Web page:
Updated with more information.
CAMBRIDGE, Mass. (
(GSK - Get Report)
announced Friday the failure of a large phase III study of drisapersen, their experimental exon-skipping therapy for Duchenne muscular dystrophy (DMD).
Here are my initial thoughts on the how this negative drisapersen result might affect
, which as you know, is developing eteplirsen, a competing DMD drug.
1. The regulatory risk for Sarepta just went up.
Remember, the company intends to seek FDA approval for eteplirsen next year based on positive results from a very small phase II study of just 12 DMD patients. The failure of drisapersen in a large phase III study (186 DMD patients) heightens the risk that FDA will want to see more eteplirsen data before making an approval decision.
2. Sarepta doesn't have any more eteplirsen data to show FDA, so what does this mean?
It means Sarepta may be asked by the FDA to conduct another, larger phase III study before eteplirsen is approved. That is not a new risk to the Sarepta story, but the likelihood of that happening just increased with the failed drisapersen study.
3. The drisapersen failure eliminates Sarepta's only competitor for an effective DMD treatment.
That's a big positive for Sarepta. It's premature to write off drisapersen completely, but the drug has suffered a major setback, no doubt. That eliminates a lot of competitive pressure from Sarepta, even if a pre-approval phase III study of eteplirsen is required, delaying its approval.
4. Eteplirsen is a more potent, effective drug than drisapersen.
I still believe that because eteplirsen can be dosed higher and has demonstrated a more profound effect on dystrophin production than drisapersen in previous studies. The ability to produce functional dystrophin is still key, in my mind.
5. We need to see more details of the failed drisapersen study.
Some of the detailed data will be presented Oct. 5 at the World Muscle Society meeting. Other data, including dystrophin production, won't be ready for weeks or months, Prosensa said today.
We learned today that the walking ability of DMD buys treated with a placebo in the drisapersen phase III study declined 53 meters, on average. That's good, meaning positive for Sarepta, because it confirms the DMD "natural history" data. Remember, in the Sarepta phase II study, the walking ability of boys on placebo declined rapidly and then stabilized once they switched over to eteplirsen.
6. The European DMD treatment market may have just opened up for Sarepta.
Remember, Prosensa controlled drisapersen patents in Europe which blocked Sarepta from accessing patients there with eteplirsen. Sarepta is appealing those patent rulings, but if drisapersen is never approved, the point is moot and eteplirsen could be approved in Europe.
7. What if exon-skipping doesn't work at all in DMD?
That is the worst-case scenario and cannot be ignored. Drisapersen and eteplirsen are both designed to skip over faulty/missing exons in order to produce functional dystrophin in DMD kids. Drisapersen looks like it doesn't work, and so it's not completely illogical to worry that eteplirsen, likewise, will not work. I'm not there yet for reasons stated above, but you can't dismiss the possibility altogether.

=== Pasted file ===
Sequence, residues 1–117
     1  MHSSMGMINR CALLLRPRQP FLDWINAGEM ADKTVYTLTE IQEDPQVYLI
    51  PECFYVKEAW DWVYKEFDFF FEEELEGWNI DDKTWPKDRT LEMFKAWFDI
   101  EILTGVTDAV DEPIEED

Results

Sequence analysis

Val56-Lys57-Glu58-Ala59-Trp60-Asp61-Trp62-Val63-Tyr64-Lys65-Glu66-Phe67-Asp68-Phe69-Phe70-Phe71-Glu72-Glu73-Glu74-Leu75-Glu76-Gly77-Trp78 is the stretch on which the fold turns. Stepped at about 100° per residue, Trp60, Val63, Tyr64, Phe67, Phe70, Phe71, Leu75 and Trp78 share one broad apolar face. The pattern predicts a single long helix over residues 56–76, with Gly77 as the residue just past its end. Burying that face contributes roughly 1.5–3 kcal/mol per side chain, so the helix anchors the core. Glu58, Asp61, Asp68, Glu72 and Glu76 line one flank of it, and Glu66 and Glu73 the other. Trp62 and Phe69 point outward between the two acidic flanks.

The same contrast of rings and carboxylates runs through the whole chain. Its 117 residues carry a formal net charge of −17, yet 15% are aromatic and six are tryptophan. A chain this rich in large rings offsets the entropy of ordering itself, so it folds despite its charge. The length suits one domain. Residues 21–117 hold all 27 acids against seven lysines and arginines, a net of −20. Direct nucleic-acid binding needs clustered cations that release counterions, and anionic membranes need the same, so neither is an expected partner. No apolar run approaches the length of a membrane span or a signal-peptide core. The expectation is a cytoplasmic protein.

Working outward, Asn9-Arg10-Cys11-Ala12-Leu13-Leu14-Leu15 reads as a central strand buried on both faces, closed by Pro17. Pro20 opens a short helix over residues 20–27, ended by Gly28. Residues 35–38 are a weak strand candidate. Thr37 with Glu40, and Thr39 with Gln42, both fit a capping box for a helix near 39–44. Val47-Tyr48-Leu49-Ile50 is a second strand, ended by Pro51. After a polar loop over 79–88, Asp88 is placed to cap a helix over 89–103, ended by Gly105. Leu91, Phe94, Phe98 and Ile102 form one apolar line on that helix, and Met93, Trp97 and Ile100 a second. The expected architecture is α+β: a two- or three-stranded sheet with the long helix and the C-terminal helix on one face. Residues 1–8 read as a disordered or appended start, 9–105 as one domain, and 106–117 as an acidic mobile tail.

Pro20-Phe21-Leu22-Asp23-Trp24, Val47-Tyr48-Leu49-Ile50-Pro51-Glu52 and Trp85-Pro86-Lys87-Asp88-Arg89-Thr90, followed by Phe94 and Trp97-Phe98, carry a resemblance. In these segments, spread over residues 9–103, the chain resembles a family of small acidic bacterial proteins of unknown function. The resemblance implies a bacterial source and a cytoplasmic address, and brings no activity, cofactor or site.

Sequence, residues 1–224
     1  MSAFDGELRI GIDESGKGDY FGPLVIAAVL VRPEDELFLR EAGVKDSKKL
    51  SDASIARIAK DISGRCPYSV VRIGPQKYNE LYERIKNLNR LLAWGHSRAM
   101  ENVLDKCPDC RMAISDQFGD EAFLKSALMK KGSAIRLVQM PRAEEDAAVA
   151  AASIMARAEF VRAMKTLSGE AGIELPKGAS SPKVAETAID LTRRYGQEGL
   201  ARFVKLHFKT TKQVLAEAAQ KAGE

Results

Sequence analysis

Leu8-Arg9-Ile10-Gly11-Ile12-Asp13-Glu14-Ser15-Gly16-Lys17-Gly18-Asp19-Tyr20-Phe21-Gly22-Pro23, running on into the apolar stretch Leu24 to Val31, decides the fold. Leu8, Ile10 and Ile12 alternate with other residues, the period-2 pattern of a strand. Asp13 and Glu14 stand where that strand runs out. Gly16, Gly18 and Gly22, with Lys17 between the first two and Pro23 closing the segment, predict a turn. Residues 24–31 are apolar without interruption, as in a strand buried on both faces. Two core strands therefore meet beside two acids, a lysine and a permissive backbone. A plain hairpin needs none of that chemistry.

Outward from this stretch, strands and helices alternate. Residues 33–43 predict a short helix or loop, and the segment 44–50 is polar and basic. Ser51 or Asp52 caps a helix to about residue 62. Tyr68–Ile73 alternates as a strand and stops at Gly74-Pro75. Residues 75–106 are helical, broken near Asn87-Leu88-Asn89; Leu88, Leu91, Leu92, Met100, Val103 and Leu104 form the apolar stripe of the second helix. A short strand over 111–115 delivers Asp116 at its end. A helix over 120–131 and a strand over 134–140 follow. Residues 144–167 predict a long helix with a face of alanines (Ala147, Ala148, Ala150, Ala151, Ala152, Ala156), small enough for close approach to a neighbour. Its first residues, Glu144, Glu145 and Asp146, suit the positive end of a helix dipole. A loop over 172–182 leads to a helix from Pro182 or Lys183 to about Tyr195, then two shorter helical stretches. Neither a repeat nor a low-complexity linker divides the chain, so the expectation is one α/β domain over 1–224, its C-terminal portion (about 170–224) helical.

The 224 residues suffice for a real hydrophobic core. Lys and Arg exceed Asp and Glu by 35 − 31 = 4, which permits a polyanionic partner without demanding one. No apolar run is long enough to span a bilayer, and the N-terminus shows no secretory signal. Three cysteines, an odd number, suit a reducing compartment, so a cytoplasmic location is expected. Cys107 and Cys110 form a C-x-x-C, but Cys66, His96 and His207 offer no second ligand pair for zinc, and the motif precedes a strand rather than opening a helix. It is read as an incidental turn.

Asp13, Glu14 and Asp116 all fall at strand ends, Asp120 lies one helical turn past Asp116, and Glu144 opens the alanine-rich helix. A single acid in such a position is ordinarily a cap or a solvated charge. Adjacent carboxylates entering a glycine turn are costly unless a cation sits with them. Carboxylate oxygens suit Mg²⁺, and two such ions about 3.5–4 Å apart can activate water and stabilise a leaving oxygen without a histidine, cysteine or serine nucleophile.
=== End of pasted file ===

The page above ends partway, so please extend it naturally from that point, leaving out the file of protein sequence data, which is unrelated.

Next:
8. Drisapersen might just be a placebo and we've known this since April.
In other words, exon-skipping in DMD works, it's just drisapersen that's a lousy, ineffective exon-skipping drug. Eteplirsen, on the other hand, skips those exons just fine. This is the counterbalancing argument to point number 7 above.
I sound conceited, so apologies, but
I sorta called this in April when I wrote about the phase II study of drisapersen
presented at a meeting at Cold Spring Harbor Labs.
This is the key slide on 6 minute walk from the drisapersen phase II study.
Now remember, the drisapersen injection hurts -- a lot. As a result, the drisapersen studies aren't really blinded. DMD kids know pretty quickly if they're on drisapersen or placebo. With that in mind, this is what I
wrote in April
It's entirely possible patients who knew they were receiving drisapersen were motivated to perform better during the two six-minute walk tests performed at weeks 13 and 25. Likewise, the kids on placebo were unmotivated. It's impossible to quantify with any precision the effect of unblinding might have had on this trial, but the placebo effect needs to be taken into account.
At some point during the course of a clinical trial, the positive impact of the placebo effect runs out. Take a look at the slide again. From week 25 through week 48, continuous drisapersen patients (green line) and placebo patients (blue line) behave exactly the same. The two lines mirror each other, which suggests -- but doesn't prove -- drisapersen might be nothing more than a placebo.
I can't wait to see the curves for six-minute walk from the drisapersen phase III study. Prosensa, on its conference call, said walking ability in drisapersen patients fell by 42 meters, on average, after 48 weeks, compared to a loss of 53 meters for placebo patients. Clearly, these kids performed worse than in the phase II, but what do the slopes representing the drisapersen and placebo patients look like between the start of the study and the end? Was there an initial separation of the curves, suggesting a benefit for drisapersen, that disappeared over the course of the study? Or, do the two curves mirror each other for most of the 48 weeks?
-- Reported by Adam Feuerstein in Boston.